“I’m sorry. I just assumed that you might be since you’re thinking to rent Madge’s old shop.”
Candi continued to watch the man carefully. He seemed completely at ease. Confident and in control. Wonder how he did that when she felt like she might bust right out of her skin? She wished he’d get on his way.
“Mr. DeFoe will be coming by soon, and I’d like to look around a bit more before he comes, if that’s all right with you . . . sir,” she added.
“Of course. I’m sorry to hold you up.” He put his hat back on, and smiled widely this time. “I’ll just be on my way. But first, I need you to do something for me.”
Candi frowned. What could she possibly do for him? Still, she’d be crazy to get cross-wise of the law her first day in town. “I’ll do my best, sir.”
“Call me Grady.”
He held up a hand, halting her words. “Now, I insist. You callin’ me ‘sir’ makes me feel old before my time.”
Dixie Ferguson had said near the same thing earlier, but that was different. She could call Dixie by her first name because she ran a diner where interacting with people on a personal level was appropriate. This, however, was the sheriff. She couldn’t imagine ever calling him by his given name.
“I’m just bein’ respectful, sir. It’s nothin’ to do with your age. It’s to do with who you are—the sheriff.”
“I appreciate that, but if it’s just the same to you, I’d like you or anyone else in town to call me Grady. I’ve lived here my whole life, and as I said, we don’t stand on ceremony in Angel Ridge.” He looped a thumb in his gun belt and rocked back on his heels. “Would you be willing to give it a try?”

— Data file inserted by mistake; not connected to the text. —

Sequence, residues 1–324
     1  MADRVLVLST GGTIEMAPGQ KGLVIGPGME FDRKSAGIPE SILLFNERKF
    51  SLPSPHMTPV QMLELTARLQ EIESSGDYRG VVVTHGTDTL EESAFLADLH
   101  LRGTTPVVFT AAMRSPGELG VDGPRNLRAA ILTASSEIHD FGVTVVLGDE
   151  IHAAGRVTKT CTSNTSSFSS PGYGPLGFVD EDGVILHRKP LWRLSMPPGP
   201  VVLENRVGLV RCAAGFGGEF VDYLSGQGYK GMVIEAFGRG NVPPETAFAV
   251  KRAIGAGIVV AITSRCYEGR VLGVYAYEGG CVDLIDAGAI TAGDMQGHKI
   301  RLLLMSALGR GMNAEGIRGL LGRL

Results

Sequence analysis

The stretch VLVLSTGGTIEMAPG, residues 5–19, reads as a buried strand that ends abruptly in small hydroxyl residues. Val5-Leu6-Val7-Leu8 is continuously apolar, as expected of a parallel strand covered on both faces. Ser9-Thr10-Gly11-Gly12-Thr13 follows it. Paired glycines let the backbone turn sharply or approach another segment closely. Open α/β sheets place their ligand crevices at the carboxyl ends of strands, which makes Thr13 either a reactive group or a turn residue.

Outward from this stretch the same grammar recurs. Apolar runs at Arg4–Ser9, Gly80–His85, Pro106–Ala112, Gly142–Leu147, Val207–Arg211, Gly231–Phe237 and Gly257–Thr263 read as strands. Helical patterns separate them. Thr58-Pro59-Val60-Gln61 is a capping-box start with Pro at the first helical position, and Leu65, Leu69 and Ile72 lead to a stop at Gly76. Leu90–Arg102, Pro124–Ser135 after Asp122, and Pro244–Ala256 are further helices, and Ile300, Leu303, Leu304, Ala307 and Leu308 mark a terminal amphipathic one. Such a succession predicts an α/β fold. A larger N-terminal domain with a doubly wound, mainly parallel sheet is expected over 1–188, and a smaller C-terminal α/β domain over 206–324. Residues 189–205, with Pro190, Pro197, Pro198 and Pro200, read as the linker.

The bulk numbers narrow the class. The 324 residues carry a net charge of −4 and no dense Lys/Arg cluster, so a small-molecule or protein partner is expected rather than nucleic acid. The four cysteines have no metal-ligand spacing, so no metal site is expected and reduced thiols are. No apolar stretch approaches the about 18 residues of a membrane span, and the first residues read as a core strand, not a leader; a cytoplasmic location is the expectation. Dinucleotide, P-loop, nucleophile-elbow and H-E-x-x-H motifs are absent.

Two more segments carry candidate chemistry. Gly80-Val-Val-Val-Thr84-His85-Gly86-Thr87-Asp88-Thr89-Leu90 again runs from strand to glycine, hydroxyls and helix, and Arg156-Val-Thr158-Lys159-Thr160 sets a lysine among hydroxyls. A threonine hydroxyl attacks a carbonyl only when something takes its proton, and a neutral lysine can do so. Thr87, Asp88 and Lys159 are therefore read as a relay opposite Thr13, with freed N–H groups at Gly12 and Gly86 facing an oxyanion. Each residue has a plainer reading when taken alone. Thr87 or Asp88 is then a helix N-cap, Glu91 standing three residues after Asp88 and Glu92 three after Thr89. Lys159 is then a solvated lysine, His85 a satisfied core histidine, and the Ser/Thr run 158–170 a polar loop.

She took a breath and tried to at least act like she had relaxed into his easy manner, but found it terribly difficult. She chewed her lower lip, considering, and then said, “I’d be willin’ to try, say in a week or so, but certainly not with my just havin’ met you. I’m sorry, sir.”
Her words made a frown crease his brow again. “You mind me asking you where you’re from?”
She’d had about enough of his questions. “Yes, sir. I do.”
“Meanin’ no disrespect, but unless I’ve done something wrong and there’s some official-like reason that you’d be askin’, I don’t see as it’s any of your business.”
“I see.” He pulled the brim of his hat down lower on his forehead. “My apologies. I don’t mean to offend. Most folks around here would call asking a newcomer in town where they’re from just makin’ conversation.”
“Is that why you asked? Because you were just ‘makin’ conversation?’” She looked deep into his hazel-colored eyes to discern the truth of his words. He looked right back.
“I was just curious. Your accent isn’t like what you hear in our foothills. It has the sound of the mountains in it.”
So, he was an observer of people and their ways. Candi supposed he’d need to be in his line of work. She’d have to work on being more neighborly. If she was going to run a shop, folks would expect her to be friendly, but she didn’t see how that meant she had to tell everybody her business. Still, she’d do well to hold to Aunt Ruby’s old sayin’, You catch more flies with honey than vinegar.
“You’re right, Sheriff. I am from the mountains.” She’d let him take that as he would. She wasn’t about to tell him she was from Laurel Mountain.
“Hello!” “Back here, Bud.” The sheriff called out to Mr. DeFoe, but didn’t break eye
contact with her. Let him look as long as he wants, Candi thought. He’s not gonna see anything but a stranger who’s just arrived in Angel Ridge.
“What are you doin’ here, Grady?”
At last he looked away to speak to Mr. DeFoe. Finally able to breathe again, Candi took a long, deep breath of the cool musty air filling the back room.
“Like I was tellin’ Ms. Heart here, I was doin’ my morning rounds and saw the front door to the building standin’ wide open. Since the place has been vacant for so long, I figured I ought to check it out.”
Mr. DeFoe slapped the sheriff on the shoulder and offered him his hand. “Well, I’m much obliged, Grady. Appreciate you keepin’ an eye on things around town.”
The sheriff took Mr. DeFoe’s hand. “That’s what you pay me for, Bud.”
“That it is.”
“I’ll leave you to your business, then.” The sheriff swung his gaze back to Candi and touched the brim of his hat. “A pleasure meetin’ you, Ms. Heart.”
Candi nodded, but didn’t say anything. Words sometimes were unnecessary.
© Deborah Grace Staley